Though Nidhi Mehra and Mehul Suri have written an interesting plot, the highlight of their endeavour seems to be the freedom with which their women leads use cusswords, knock back stiff drinks and generally thumb their collective nose at traditions and customs. Their impertinence would have meant more if these seemingly intelligent, educated and privileged women asked deeper questions — such as the relevance of the institution of marriage itself — but this attempt remains half-hearted. For instance, Bhasker’s character as the irreverent Sakshi never goes beyond an obnoxious profanity, especially since there is no explanation for her bratty behaviour other than a spoilt upbringing.
For a film that made waves even before its shoot began — Khan’s pregnancy put a halt to the filming — which was then followed by a clever social media marketing strategy, Veere Di Wedding is a disappointment. The punch lines, as is the norm with most films today, are largely revealed in the trailer and there isn’t enough meat in the script to last the length of the film. The background score is catchy, particularly because of the familiarity engendered by promotional videos, but it tends to create more din than anything else.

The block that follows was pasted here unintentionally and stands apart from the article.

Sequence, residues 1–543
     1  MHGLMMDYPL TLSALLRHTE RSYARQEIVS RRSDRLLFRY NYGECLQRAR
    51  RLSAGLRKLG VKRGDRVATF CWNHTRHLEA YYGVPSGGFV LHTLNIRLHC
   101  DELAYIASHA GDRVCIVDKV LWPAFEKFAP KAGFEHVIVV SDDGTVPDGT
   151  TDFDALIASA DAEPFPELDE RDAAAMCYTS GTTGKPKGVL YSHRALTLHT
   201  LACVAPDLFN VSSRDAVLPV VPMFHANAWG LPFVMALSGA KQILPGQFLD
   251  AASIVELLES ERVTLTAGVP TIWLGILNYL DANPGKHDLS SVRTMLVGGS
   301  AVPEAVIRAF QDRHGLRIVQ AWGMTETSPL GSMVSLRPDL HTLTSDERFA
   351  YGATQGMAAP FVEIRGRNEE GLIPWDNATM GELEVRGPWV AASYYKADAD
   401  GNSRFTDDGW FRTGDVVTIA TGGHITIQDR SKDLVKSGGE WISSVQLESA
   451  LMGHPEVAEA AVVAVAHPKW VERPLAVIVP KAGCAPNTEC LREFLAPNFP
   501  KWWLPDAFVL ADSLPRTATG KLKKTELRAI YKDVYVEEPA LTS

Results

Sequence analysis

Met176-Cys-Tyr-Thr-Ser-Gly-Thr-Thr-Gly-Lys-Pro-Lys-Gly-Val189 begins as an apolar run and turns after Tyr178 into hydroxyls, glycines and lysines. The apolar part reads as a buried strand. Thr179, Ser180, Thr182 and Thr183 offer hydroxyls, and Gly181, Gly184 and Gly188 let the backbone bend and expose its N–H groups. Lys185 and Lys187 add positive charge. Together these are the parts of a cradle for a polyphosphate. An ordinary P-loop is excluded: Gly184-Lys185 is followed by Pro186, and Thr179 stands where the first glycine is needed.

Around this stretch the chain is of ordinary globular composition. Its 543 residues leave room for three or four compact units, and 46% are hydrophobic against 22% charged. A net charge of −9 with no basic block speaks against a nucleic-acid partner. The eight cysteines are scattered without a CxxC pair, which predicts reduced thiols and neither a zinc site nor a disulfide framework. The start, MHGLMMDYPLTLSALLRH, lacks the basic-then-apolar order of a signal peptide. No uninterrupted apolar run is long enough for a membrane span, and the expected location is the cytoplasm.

Veere Di Wedding loses steam simply because it is a confused plot, trying to handle too much at once and not giving any single plot angle the focus it deserves. Rife with stereotypes about Bengali women and West Delhi folks, the humour is slapstick. But one can’t say it is entirely boring. The film has its moments and the drama behind Kalindi and Rishabh’s wedding is as real as it gets, at least in Delhi.
Ahuja and Khan are the big-ticket “superstars” for whom the filmmakers saved the spotlight, but Talsania, Bhasker and Vyas stand out as the real stars with understated performances. Vyas, in particular, has a charming screen persona that gels well with the muted character Khan plays.
Rhea Kapoor went to great lengths to declare that Bridesmaids crossover, the film ends up being exactly that — a rom-com chick flick with the twist of potty-mouthed, sexually licentious characters. If you’re watching this film, expect no more than the self-declared “non-feminism” espoused by Khan and Ahuja’s generation.